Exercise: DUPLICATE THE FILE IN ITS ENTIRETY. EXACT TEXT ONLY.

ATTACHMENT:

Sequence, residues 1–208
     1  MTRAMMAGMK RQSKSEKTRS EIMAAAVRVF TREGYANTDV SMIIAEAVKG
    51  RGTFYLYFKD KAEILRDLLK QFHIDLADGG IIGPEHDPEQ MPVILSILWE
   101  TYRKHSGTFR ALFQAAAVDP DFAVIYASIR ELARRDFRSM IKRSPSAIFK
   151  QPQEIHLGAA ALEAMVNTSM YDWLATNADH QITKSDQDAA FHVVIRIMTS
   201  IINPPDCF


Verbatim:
Sequence, residues 1–208
     1  MTRAMMAGMK RQSKSEKTRS EIMAAAVRVF TREGYANTDV SMIIAEAVKG
    51  RGTFYLYFKD KAEILRDLLK QFHIDLADGG IIGPEHDPEQ MPVILSILWE
   101  TYRKHSGTFR ALFQAAAVDP DFAVIYASIR ELARRDFRSM IKRSPSAIFK
   151  QPQEIHLGAA ALEAMVNTSM YDWLATNADH QITKSDQDAA FHVVIRIMTS
   201  IINPPDCF